Wednesday

6th Dec 2023

MEPs vote to support gas in cross-border projects rules

  • It is estimated that new EU gas projects could emit, annually, as much carbon dioxide as all Germany's coal plants (Photo: gazprom.ru)
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MEPs in the energy committee on Tuesday (28 September) reached a common position over the revision of the controversial TEN-E regulation, which governs funding for energy infrastructure - paving the way for negotiations with member states to agree on a final law.

The TEN-E rules define which cross-border energy infrastructure projects in the EU are eligible for public funds and fast-tracked permits - under the so-called Projects of Common Interest (PCI).

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MEPs agreed that all gas projects from the 4th or 5th list of PCIs should be eligible for a fast-track authorisation procedure, but excluded from receiving funding under the Connecting Europe Facility (CEF).

Green and left-wing lawmakers voted against this compromise.

And British NGO Global Witness warned that MEP's position amounts to little more than "window dressing", as PCI projects have traditionally received more money from the European Regional Development Fund and the European Investment Bank than they have from the CEF.

"The key is that PCI projects are mandated to gain preferential treatment," Jonathan Gant, a campaigner from Global Witness, told EUobserver.

There are 32 gas projects under the 4th list. The 5th list, which is not yet approved, includes 74 gas projects. According to Global Witness analysis, the new gas projects under the 5th list could emit yearly as much carbon dioxide as all coal plants in Germany.

The European Parliament's position is at odds with the approach of the European Commission and national governments, which have already agreed to end subsidies for all, or almost all, fossil-fuel projects.

Last year, the European Commission proposed to exclude all dedicated support for oil and gas infrastructure under the TEN-E regulation - in a bid to align a key piece of energy policy with its Green Deal's objectives.

For their part, EU energy ministers agreed in June that all fossil-fuel support should be scrapped from the new rules, except for two major pipelines - namely the EastMed pipeline, designed to link Israel and Cyprus to Greece, and the Melita pipeline, connecting Libya to Malta and Italy.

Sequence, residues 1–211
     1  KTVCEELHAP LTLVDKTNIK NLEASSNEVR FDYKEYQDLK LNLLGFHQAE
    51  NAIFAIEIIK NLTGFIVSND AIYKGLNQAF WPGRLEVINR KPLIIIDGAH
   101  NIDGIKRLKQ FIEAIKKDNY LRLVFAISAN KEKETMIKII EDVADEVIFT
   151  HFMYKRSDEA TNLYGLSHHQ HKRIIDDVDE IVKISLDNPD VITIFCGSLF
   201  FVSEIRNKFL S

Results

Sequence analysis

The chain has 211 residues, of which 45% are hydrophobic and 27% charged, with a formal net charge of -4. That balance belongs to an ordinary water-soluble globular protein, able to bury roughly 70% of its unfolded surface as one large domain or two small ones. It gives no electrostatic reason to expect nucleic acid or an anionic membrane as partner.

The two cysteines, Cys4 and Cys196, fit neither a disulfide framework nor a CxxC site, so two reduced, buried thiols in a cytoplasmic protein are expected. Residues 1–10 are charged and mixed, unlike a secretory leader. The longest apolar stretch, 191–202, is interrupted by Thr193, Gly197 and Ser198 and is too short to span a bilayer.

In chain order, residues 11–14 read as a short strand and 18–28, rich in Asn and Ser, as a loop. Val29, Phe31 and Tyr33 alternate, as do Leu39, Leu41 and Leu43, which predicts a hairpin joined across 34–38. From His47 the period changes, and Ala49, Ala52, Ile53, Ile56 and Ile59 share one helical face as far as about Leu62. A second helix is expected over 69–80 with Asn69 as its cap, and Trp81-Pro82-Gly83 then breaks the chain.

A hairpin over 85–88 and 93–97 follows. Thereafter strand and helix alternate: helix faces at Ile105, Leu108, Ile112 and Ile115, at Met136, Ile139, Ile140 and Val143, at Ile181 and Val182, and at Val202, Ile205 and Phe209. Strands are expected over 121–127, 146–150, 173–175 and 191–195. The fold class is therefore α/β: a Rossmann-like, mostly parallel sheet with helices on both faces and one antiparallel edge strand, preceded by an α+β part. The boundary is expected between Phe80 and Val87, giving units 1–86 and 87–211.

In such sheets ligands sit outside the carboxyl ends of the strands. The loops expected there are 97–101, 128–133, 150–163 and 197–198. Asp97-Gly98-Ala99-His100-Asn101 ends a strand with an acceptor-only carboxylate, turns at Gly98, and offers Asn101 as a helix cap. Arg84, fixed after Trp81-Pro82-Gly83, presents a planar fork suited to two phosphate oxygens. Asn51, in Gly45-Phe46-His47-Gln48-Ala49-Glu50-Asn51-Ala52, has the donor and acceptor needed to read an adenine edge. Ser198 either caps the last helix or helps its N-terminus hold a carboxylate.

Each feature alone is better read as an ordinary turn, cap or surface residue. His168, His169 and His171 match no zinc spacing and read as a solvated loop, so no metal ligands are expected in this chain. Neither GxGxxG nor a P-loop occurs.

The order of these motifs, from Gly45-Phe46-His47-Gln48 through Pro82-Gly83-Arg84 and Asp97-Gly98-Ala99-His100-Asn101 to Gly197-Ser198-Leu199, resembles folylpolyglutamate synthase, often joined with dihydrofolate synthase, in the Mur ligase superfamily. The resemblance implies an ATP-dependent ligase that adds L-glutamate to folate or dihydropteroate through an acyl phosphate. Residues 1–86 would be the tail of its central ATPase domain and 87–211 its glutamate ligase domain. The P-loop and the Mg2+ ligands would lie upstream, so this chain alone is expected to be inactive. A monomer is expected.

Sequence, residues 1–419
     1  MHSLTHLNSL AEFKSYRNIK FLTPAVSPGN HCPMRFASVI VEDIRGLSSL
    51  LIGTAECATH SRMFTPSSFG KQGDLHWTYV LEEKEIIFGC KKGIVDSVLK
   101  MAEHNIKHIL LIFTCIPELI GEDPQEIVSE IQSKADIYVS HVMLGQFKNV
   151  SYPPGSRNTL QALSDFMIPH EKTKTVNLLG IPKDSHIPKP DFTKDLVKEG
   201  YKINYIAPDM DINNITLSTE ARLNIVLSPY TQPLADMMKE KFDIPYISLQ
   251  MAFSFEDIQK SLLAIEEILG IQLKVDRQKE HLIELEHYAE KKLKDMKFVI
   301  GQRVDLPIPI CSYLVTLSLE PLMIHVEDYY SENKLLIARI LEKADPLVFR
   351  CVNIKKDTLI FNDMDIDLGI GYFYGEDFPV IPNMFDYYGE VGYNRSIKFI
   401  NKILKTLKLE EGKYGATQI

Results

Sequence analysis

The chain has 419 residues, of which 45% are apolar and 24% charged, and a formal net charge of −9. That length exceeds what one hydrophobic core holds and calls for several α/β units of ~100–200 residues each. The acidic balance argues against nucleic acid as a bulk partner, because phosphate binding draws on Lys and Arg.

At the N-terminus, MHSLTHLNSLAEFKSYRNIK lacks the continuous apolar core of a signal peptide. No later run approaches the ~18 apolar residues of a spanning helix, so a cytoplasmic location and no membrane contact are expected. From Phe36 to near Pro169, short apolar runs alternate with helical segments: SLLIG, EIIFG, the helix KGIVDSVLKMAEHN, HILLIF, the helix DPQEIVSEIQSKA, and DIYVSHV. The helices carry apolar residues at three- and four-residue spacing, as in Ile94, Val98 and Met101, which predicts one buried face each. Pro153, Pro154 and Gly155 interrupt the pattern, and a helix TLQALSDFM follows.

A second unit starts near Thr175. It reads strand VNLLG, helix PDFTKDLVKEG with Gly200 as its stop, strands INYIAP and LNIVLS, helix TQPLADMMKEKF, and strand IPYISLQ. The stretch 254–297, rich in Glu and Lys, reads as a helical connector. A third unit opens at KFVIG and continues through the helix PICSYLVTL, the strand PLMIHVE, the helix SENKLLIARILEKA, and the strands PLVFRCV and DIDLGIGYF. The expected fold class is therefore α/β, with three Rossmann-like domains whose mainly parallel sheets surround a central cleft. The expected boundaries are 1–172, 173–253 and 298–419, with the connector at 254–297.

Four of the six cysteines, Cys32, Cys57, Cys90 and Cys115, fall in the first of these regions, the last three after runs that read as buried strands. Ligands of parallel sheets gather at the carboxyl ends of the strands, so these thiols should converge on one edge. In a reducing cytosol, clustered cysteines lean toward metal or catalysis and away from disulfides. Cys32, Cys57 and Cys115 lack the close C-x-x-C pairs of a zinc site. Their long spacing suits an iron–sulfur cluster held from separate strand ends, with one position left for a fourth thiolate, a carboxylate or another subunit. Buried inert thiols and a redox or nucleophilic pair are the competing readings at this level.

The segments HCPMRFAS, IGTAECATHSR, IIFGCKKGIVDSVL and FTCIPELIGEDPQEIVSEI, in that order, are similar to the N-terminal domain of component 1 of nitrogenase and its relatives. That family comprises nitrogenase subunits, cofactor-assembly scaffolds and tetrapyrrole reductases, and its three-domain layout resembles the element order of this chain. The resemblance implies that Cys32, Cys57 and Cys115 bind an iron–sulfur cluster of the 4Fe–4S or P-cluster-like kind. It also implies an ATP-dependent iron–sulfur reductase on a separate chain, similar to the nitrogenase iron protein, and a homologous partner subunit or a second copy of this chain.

MEPs, meanwhile, also proposed funding projects until at least 2027 in which existing gas infrastructure is modified to mix hydrogen with natural gas - a process known as 'blending'.

While this idea mirrors the approach of national energy ministers, EU lawmakers have set out stricter obligations on the infrastructure operator to force them to convert to fully hydrogen by the end of 2029.

The vote in the parliament comes amid a global surge of energy prices - with gas and electricity bills rising to historic levels across EU member states in the last few months.

Lead MEP Zdzisław Krasnodębski (European Conservatives and Reformists), from coal-dependent Poland, argued that, apart from the general sustainability criteria, energy projects still have to be evaluated based on "their contribution to energy security, market integration and affordability for end-users".

However, green groups warned that the result of the vote fails to end EU support for fossil fuels, sending the wrong political signal ahead of the so-called "gas package" expected in December.

"The trilogue negotiations will give the co-legislators the last chance to fix the proposal and enable the EU to pivot to cleaner energy infrastructure, in line with the climate targets," said Elisa Giannelli, from NGO E3G.

If there is an objection from a political party in the parliament's October session, Krasnodębski's report will be then voted by the whole plenary later this year - postponing negotiations with the EU Commission and member states.

It is estimated that gas companies and trade associations have spent around €300m lobbying the EU since 2010.

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